It has been often said that a boat is a working compromise; I feel that this is a very true statement. Keeping this statement in mind, I will go through why I settled on a Whitby 42 as my sailing compromise.
First I should outline my thought process for selection. I had some “musts haves”; some, “it would be nice to have”; and of course some,”I can live without or add later”.
First,” the must haves”. The boat has to be a tried and true blue water boat, one that has been tested on the ocean. It must be strong and able to withstand the weather and waves of off shore sailing.
The engine must be a diesel, and an older model that is simplistic in nature so as to facilitate easy self repair. However, with that said, one that parts can somewhat easily be procured.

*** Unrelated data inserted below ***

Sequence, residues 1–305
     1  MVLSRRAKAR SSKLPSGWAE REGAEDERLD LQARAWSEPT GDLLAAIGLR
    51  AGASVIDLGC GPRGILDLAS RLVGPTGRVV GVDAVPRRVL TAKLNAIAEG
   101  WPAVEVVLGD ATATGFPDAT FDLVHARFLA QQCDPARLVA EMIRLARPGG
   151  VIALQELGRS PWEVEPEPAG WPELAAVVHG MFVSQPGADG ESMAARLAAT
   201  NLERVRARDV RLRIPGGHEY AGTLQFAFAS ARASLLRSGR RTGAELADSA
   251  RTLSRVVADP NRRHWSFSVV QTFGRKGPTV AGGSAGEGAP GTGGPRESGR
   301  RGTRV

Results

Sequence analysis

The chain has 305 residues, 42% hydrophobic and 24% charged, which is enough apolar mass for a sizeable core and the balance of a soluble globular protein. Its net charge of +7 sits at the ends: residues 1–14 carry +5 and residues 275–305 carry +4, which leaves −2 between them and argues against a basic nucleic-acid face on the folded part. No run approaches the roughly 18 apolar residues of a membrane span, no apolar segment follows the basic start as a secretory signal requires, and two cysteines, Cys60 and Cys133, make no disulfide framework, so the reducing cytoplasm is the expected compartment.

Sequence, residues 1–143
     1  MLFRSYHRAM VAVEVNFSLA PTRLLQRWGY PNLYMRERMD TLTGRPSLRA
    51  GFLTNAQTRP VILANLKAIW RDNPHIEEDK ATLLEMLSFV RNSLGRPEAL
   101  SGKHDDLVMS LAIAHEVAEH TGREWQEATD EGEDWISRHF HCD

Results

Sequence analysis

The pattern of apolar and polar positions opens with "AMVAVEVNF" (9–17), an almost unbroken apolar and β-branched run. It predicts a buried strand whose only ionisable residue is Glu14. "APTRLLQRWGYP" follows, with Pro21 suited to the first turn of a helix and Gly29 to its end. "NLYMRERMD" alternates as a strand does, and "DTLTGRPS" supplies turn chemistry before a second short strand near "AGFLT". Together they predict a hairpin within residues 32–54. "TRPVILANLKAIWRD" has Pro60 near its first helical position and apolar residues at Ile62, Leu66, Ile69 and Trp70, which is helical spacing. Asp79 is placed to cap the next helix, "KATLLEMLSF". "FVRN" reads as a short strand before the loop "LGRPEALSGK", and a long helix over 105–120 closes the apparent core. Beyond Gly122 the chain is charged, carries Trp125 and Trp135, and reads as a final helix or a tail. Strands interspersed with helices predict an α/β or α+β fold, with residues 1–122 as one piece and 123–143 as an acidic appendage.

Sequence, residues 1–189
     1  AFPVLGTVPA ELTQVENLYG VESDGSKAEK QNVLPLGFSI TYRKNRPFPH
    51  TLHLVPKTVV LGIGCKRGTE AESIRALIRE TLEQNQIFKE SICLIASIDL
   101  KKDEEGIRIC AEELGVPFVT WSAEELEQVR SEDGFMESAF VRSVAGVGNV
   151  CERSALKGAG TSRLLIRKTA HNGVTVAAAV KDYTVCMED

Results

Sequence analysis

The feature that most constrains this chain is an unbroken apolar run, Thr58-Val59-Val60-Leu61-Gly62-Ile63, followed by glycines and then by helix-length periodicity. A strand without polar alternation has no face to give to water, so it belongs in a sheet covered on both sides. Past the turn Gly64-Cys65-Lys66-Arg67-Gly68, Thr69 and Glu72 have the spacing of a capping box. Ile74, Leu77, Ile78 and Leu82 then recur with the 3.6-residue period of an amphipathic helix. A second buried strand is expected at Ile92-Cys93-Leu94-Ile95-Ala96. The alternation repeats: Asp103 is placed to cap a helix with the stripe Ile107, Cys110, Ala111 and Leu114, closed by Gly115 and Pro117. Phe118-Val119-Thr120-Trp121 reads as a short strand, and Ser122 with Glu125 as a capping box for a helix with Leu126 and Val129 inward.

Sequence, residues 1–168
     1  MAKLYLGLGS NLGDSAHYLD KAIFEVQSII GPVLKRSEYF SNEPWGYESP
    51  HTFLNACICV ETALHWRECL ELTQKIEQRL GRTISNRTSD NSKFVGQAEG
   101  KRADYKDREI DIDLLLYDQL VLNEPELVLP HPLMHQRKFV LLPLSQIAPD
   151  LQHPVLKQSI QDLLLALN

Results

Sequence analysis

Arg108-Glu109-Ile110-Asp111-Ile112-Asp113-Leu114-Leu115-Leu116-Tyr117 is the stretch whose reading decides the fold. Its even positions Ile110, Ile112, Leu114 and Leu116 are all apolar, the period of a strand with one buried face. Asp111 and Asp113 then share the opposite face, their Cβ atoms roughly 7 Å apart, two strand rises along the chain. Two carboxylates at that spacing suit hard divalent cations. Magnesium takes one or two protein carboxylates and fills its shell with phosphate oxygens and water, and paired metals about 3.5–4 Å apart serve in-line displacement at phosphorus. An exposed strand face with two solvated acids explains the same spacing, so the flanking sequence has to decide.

Comfort is also a must. The cabin must have good head room and all the facilities for added comfort. For example, a good living space, with as I said before with good head height, and comfortable living. It must have a full galley, which would include a multi burner gimbaled stove with oven. A large working refrigerator included in the work area of the galley.
The sleeping accommodations should be such as to accommodate visitors as well as giving some privacy in the form of a cabin. For me this was a must as I feel that I need a place to retreat to for my own comfort where I can gather my thoughts.
Storage is also a key ingredient for me in boat selection. As Gerry K, a friend of mine has rightfully suggested that the amount of storage on a boat is inversely proportional to the speed of the boat. Meaning if you have a slow boat you need more storage for provisions, water, and diesel.